'That'-Clause

Glossary of Grammatical and Rhetorical Terms

that-clause
In each of the following sentences, the word group in italics is a that-clause: (1) I know that you're upset; (2) I know you're upset. Note that in the second sentence the word that has been omitted, making it a "zero that.". (Jamie Grill/Getty Images)

Definition

In English grammar, a " that"-clause is a subordinate clause that usually begins with the word that. Also known as a declarative content clause or a "that"-complement clause.

A nominal that-clause can function as a subject, object, complement, or appositive in a declarative sentence. Chalker and Weiner point out that relative clauses beginning with that (e.g., "What's all this nonsense that you're repeating") are "not always included in this category" (Oxford Dictionary of English Grammar).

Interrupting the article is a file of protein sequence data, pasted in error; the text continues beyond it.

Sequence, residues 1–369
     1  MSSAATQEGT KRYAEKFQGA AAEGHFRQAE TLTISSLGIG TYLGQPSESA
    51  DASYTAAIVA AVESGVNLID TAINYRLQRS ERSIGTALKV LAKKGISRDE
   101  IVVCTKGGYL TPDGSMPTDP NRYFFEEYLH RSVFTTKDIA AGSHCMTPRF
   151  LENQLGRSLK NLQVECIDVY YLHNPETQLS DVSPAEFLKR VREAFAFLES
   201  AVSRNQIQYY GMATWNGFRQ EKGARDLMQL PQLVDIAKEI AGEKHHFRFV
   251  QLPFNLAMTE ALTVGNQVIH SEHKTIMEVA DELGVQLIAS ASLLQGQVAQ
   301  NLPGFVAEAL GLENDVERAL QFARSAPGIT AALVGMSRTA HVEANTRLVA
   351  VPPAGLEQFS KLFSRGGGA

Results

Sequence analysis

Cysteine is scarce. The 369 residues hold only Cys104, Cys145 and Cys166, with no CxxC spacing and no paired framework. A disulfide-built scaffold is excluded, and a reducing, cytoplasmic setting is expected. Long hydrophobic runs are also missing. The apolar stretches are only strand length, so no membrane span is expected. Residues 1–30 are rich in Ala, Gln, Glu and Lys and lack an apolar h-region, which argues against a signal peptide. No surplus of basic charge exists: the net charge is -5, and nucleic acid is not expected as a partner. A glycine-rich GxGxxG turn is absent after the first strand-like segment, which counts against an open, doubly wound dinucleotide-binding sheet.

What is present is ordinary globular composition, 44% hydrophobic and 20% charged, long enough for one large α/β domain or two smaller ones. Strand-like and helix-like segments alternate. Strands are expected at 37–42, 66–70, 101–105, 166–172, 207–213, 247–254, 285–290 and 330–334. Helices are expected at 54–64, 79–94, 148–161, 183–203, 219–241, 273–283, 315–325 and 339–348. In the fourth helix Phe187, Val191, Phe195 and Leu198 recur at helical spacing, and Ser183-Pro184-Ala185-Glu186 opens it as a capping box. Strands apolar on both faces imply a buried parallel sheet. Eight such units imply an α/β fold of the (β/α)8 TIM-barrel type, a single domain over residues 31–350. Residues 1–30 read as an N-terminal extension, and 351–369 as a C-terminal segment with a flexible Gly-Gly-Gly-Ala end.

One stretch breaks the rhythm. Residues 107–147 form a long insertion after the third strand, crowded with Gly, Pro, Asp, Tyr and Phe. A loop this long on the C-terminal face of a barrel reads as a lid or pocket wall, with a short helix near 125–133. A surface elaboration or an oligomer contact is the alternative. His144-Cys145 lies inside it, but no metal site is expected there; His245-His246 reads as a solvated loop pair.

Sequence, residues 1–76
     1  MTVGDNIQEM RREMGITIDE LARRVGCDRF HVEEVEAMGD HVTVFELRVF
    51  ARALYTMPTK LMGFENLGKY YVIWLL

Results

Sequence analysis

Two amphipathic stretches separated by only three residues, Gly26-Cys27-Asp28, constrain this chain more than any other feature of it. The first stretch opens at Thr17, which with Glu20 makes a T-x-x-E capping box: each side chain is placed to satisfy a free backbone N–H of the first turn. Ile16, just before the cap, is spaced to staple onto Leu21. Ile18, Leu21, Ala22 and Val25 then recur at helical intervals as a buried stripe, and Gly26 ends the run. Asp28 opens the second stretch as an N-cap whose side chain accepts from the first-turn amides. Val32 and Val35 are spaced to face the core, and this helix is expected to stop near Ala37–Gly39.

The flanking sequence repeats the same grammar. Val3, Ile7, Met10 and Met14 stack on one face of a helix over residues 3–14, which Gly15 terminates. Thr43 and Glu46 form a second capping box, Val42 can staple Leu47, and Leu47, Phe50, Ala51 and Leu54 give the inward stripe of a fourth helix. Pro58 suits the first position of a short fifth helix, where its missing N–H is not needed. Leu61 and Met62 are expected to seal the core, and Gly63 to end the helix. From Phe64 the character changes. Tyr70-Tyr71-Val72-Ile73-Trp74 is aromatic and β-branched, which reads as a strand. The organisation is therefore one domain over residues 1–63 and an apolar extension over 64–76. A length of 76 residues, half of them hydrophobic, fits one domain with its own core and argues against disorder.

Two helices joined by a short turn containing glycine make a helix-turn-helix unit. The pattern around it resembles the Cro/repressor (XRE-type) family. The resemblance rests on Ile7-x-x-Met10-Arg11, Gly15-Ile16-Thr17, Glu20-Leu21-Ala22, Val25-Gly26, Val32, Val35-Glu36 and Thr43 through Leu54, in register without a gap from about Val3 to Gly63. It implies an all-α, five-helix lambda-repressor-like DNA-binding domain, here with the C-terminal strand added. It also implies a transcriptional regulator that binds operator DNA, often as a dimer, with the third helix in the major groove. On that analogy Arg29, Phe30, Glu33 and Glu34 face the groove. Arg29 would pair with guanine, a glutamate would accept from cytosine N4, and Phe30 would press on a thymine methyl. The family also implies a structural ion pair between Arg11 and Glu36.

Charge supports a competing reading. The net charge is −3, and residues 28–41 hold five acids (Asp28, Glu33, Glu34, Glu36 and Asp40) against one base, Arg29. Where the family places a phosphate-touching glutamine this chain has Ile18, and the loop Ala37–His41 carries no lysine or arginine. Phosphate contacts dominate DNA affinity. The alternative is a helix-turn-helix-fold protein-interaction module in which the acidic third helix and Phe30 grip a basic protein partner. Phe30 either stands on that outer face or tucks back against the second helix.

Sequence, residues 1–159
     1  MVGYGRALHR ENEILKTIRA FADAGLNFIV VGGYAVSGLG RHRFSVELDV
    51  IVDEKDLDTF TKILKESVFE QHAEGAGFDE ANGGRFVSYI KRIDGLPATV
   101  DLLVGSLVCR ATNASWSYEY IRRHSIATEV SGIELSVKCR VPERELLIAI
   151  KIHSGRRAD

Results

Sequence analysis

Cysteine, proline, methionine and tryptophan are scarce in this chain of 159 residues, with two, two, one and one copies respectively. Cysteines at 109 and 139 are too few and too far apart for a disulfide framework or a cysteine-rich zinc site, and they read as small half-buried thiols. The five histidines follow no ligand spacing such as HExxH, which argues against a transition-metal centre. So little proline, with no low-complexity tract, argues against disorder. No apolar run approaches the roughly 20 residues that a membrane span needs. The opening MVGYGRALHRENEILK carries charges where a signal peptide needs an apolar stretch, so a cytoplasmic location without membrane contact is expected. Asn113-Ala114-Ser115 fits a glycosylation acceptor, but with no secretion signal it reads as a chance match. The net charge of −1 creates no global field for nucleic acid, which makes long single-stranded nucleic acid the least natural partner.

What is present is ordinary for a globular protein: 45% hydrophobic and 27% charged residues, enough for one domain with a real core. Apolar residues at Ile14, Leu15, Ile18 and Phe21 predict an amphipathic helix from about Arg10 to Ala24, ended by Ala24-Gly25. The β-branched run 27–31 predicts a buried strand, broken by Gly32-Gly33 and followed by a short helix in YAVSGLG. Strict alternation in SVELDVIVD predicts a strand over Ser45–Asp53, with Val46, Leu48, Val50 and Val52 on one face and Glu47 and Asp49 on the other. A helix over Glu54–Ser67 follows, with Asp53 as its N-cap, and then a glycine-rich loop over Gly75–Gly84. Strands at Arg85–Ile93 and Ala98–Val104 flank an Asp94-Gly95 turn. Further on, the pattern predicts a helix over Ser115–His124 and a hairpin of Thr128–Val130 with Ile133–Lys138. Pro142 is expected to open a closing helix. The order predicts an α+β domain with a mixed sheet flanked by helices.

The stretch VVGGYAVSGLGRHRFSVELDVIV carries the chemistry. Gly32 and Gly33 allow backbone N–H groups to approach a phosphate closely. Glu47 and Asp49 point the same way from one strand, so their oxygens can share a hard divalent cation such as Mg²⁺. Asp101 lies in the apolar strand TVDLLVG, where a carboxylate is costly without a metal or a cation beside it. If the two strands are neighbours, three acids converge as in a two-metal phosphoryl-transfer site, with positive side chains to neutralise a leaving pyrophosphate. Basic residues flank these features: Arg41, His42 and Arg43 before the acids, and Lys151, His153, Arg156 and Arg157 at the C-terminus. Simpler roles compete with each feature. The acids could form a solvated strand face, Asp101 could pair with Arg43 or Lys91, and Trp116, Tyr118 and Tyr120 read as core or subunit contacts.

In some circumstances (especially in less formal speech or writing), that may be omitted from a that-clause. Such a construction is called a "zero that."

See Examples and Observations below. Also see:

Examples and Observations

  • "The two restrictions of the form of the that-clause are that it may not be a question (*that does coffee grow in Brazil) and it may not be an imperative (*that buy some Brazilian coffee!). In other words, there may be no disruption of the normal [declarative] word order.

    "In all cases, the that-clause has a nominal function; it is functioning as an NP would: it answers the question 'what?' In fact, that-clauses may serve virtually all of the functions served by NPs."
    (Laurel J. Brinton, The Structure of Modern English: A Linguistic Introduction. John Benjamins, 2000)